Abby Wambach

by Caroline


My hero: Abby Wambach. Abby is the first person I think of when someone says hero. She was born to be an athlete, a soccer player and a wonderful role model to all who look up to her! Abby’s attitude is to never give up, and that to me is what makes her such a hero. This attitude was shining like a star in the 2011 World Cup when in the 122nd minute Abby scored a header to tie up the game and go on to win. She showed millions of people that day what it truly is to be a hero: Never give up!


Mary Abigail Wambach “Abby” was born on June 2, 1980, in Rochester, New York. She is the youngest of seven children and has two very supportive parents. At the age of four, Abby started to play soccer, and after three short games she had scored an extraordinary 27 goals, so she was moved to the “more competitive” boys’ league. She fit right in with all the boys, since she was raised roughhousing with four older brothers. Later, between the ages of nine and thirteen she was moved from the girls’ to the boys’ league once again to be more competitive.

Abby played basketball and soccer in high school. She had a tough decision to make when she was in high school. She needed to decide if she was going to focus on soccer or basketball. He heart told her soccer was indeed the right decision.

Abby went to the University of Florida in Gainesville on a soccer scholarship. In college Abby stopped thinking soccer was fun; it was getting very demanding and started to feel like a job. But thank goodness she rediscovered her great talent and love for soccer during her senior year, when she led her team to the NCAA final four.

In 2001, Abby began to play for the United States Women’s National Team. In 2002, she played in seven games with five goals and four assists. In 2003, Abby played in WPS league on the Washington Freedom with Mia Hamm. Mia and Abby became lethal when they were playing together. That year they won the league title, and Mia and Abby wound up scoring 66 goals together. That year the National Team placed third in the World Cup, and Abby started all five games the team played.

One of Abby’s best seasons was in 2004 when the national team won the gold medal in the Olympics. She started all five games and scored a phenomenal four goals. That season she played 30 games and scored 31 goals. Her 75 points that year marks the second highest point total in U.S. history.

In 2007, the Women’s National Team went to the World Cup again and placed third once again. During the opening game against North Korea, Abby collided with another player and cracked her head open. But that did not stop her, she ran right back into the game after receiving 11 stitches. Before the World Cup started Abby had already tallied 11 goals in the regular season.


Abby had a difficult year in 2008. In the last tune-up game before the Olympics, Abby collided with a Brazilian player and broke both her tibia and fibula, knocking her out of the Olympics that year. The National Team did go on to win the gold with Abby cheering on the sidelines!

Abby had a very exciting year in 2009. She scored her 100th international goal and became the fifth player in history to score 100 goals. What a year Abby had in 2011! It was time for the World Cup in Germany. On July 10, 2011, the U.S.A was playing Brazil in extra time, and had to score to stay in the cup. With 30 seconds in the game and Megan Rapinoe crossed the ball and Abby headed the ball into the back of the net and she tied it all up! The U.S.A won the game in penalty kicks. They made it into the final against Japan, and Abby indeed did score, but they lost in penalty kicks this time, giving them a silver medal. On Wednesday October 19, Abby was selected as the Sportswoman of the Year.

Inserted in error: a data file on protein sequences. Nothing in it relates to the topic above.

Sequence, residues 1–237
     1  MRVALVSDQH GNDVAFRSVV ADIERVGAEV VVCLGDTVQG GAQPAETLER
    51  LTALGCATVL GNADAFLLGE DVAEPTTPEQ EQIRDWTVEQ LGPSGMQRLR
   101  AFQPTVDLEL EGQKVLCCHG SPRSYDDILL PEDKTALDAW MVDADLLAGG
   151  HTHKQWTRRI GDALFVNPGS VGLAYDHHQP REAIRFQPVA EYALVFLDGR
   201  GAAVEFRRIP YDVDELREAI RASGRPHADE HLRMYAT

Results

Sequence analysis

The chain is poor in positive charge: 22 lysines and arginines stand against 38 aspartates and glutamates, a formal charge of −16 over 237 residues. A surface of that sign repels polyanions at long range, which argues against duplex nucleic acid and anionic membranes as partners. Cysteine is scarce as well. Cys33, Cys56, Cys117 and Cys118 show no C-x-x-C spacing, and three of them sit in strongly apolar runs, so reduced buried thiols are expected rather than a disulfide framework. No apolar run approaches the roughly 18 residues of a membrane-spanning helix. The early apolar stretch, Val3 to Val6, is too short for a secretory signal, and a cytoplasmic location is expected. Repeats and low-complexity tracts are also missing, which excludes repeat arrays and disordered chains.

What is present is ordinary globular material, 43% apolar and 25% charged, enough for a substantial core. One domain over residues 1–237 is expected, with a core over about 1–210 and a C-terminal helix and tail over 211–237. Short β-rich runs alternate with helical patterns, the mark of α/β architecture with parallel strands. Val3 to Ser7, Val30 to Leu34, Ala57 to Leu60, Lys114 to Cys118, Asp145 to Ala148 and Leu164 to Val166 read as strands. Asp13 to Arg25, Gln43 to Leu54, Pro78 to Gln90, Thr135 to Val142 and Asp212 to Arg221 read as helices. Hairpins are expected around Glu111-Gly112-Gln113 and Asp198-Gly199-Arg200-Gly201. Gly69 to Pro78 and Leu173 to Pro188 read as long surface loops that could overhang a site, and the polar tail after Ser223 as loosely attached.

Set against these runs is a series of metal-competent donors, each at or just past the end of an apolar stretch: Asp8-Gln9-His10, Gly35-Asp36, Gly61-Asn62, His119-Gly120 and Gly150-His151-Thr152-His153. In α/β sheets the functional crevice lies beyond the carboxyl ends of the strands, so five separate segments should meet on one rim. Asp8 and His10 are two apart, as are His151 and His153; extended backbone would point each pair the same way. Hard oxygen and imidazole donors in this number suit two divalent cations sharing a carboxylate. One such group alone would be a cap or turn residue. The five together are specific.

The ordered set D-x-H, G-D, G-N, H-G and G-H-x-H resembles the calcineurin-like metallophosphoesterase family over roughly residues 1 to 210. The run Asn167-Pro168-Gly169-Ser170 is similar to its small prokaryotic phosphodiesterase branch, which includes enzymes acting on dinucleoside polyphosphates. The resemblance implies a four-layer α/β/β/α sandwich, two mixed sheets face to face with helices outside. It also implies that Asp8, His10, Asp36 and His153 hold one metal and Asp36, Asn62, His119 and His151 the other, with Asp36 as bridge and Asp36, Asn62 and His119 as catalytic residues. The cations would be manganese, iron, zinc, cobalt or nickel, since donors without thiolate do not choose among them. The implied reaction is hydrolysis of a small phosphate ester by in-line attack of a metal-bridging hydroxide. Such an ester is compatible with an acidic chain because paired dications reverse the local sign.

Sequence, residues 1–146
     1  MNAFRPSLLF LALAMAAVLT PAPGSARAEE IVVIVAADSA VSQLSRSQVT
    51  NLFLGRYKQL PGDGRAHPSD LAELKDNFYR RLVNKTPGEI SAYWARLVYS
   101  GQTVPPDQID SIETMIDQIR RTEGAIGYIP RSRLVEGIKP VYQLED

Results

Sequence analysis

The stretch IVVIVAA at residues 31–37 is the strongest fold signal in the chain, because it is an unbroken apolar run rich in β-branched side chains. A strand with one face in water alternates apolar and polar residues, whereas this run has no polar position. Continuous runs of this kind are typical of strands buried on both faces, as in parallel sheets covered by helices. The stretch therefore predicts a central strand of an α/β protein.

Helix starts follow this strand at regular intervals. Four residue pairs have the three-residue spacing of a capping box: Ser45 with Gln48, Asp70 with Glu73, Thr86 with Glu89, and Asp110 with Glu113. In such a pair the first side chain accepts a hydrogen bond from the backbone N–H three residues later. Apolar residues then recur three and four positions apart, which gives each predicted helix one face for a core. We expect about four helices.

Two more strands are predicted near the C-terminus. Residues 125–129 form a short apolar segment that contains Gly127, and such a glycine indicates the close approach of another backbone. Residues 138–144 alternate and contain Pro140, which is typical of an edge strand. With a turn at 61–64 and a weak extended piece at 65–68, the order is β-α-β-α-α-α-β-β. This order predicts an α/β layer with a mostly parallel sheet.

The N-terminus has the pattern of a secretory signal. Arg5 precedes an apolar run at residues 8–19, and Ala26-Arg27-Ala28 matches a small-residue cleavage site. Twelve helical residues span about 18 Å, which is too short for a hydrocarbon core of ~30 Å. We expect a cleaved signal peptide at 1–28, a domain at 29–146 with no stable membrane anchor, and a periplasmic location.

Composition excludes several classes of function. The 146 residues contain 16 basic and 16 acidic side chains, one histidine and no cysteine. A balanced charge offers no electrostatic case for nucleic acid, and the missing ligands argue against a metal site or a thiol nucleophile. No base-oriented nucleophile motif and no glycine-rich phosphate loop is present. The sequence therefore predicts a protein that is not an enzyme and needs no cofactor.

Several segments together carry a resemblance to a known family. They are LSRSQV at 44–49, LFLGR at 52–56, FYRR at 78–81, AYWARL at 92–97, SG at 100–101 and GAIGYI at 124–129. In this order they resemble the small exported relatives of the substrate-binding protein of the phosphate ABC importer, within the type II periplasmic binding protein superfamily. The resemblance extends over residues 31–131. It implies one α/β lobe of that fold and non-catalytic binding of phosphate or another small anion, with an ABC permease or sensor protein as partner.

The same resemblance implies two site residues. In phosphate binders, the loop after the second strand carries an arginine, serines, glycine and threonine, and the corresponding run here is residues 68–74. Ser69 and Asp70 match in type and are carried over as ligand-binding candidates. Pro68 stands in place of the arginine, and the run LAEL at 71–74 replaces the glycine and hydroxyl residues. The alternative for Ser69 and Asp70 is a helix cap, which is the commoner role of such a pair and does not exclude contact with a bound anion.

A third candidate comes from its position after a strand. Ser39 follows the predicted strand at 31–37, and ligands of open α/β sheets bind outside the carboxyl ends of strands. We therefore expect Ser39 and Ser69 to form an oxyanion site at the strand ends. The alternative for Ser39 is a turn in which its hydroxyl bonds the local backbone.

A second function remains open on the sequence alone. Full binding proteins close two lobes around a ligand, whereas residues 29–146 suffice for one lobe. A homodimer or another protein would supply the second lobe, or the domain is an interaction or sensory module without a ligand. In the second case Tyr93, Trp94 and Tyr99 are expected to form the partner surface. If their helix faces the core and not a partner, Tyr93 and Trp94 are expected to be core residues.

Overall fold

Many people ask why is Abby my hero. This is what I tell them. She is my hero because she inspires me never to give up and to always try my best. And that to me is what a hero does.

As soon as I heard I was getting a chance to do a hero project, I knew right away I wanted Abby Wambach to be my hero. I have always loved her, and she is such a role model to me. She is what I want to be when I get older, not just the outstanding athletic side, but her goofy and playful attitude she uses to keep her calm and happy in the locker room.

Who inspires Abby and what keeps her going, you might ask. This is what she tells a reporter at the Chicago Marathon: “Who inspires the pros? It's people like you who work so hard every single day for other people to prove there is a greater good.” In 2001, Abby caught the eye of U21 National Team coach Jerry Smith. He told her that with a lot of hard work, she could earn a rightful spot on the senior national team. Abby began to train with a new, tougher, greater goal, and that was to become a part of this team. That is what she did, making her debut at the Nike U.S Women’s Cup that same year.

Abby works with an international organization called Right to Play. In 2005 she went to Africa to meet some of the children in the organization and works very hard to raise money for them.

Abby is truly an inspiration to many people just like me. She is loyal, a hard worker and does her job for the “greater good.” Abby makes me want to reach for the stars and never give up! Whenever I see her, that is who I want to become, a determined, hard worker who is looked on by so many. She is someone who is always contributing to the team and is doing her part to the best of her abilities.

Page created on 10/27/2011 1:29:42 PM

Last edited 10/27/2011 1:29:42 PM